Posted: May 25, 2009
The “American Clean Energy and Security Act” passed last week by the House Energy and Commerce Committee seems to be making strange bedfellows. Agricultural and environmental groups, as well as both Democrats and Republicans, have all voiced opposition to the legislation that intends to reduce greenhouse gases by 83 percent over the next 40 years.
On the agriculture side, National Corn Growers Association President Bob Dickey said, “We strongly believe the bill will increase input costs without specific opportunities to offset those additions. We cannot support the American Clean Energy and Security Act in absence of the provisions that we have explained in some length to the Committee.”
American Farm Bureau Federation President Bob Stallman says the bill “ignores the complex needs of a very diverse U.S. agricultural industry” and it is certain to “increase our operating costs and reduce our competitiveness abroad.” Other groups voicing opposition include the National Chicken Council, National Turkey Federation, United Egg Producers and the Fertilizer Institute.
On the environmental side, a coalition of groups that includes Greenpeace USA and Friends of the Earth, issued a statement that reads, in part, “the decision-making process was co-opted by oil and coal lobbyists determined to sustain our addiction to dirty fossil fuels, even as the country stands ready to rebuild our economy and clean up the environment with real clean energy. The resulting bill reflects the triumph of politics over science, and the triumph of industry influence over the public interest.”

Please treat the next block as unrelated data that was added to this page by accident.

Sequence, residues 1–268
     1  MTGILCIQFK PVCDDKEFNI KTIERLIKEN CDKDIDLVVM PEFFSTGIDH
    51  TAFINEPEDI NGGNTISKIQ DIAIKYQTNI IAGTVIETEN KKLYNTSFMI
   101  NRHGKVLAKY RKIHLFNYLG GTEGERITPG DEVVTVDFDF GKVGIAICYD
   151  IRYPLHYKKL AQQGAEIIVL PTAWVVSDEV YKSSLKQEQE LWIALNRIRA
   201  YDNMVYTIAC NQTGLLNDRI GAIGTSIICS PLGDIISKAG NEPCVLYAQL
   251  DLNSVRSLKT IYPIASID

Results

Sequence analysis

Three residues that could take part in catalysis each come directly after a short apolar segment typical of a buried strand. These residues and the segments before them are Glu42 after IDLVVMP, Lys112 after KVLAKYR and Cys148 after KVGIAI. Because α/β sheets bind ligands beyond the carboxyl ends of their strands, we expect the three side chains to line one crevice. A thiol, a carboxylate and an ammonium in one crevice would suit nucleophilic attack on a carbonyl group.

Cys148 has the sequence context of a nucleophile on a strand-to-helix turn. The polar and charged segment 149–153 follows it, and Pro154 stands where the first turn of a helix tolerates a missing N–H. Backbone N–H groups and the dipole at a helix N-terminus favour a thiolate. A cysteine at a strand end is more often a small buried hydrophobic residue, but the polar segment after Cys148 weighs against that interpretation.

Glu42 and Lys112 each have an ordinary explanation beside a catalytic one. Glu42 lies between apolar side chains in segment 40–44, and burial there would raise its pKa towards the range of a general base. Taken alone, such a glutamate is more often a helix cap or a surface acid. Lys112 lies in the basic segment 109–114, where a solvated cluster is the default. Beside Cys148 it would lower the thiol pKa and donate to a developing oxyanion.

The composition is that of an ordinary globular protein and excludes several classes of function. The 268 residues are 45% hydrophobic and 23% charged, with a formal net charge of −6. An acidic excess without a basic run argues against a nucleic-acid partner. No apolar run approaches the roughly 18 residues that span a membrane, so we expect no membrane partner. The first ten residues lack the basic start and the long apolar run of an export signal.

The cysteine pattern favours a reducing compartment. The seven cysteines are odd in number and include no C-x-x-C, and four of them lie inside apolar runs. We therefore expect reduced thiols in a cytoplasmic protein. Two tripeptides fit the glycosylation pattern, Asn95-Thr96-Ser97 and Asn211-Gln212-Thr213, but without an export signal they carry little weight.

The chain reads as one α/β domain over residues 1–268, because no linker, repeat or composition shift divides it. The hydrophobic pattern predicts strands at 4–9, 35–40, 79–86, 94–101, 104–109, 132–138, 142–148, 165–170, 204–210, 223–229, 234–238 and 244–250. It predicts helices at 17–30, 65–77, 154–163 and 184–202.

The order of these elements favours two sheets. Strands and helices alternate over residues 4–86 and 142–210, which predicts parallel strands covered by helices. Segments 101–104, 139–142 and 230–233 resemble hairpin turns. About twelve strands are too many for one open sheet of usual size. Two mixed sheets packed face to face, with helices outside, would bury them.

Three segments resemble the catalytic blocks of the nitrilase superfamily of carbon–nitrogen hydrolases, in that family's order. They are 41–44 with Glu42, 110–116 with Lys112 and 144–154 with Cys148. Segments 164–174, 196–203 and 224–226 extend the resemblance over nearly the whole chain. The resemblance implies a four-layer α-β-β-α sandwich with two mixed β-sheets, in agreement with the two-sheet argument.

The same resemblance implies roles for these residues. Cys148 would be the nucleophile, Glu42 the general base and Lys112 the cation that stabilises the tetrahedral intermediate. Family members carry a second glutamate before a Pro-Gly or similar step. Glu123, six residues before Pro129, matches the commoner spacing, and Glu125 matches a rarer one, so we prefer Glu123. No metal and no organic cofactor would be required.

Republican lawmakers are also opposed to the bill. House Republican Leader John Boehner of Ohio says the bill could cost the average American family as much as $3,100 a year. Congressman Joe Barton of Texas, top Republican on the House committee, threatened to have the 1000-plus page bill read in full to slow action on the legislation. He backed down on that threat, but committee chairman Henry Waxman – the bill’s co-author – hired a speed reader just in case. (Funny video of that on YouTube is worth watching.)
And even Democrats are opposed to the bill. House Agriculture Committee Chair Collin Peterson has voiced his strong opposition to the bill and indicated last week that he has the votes to defeat the legislation.
So, the question is, does anyone besides the bill’s authors actually like this piece of legislation?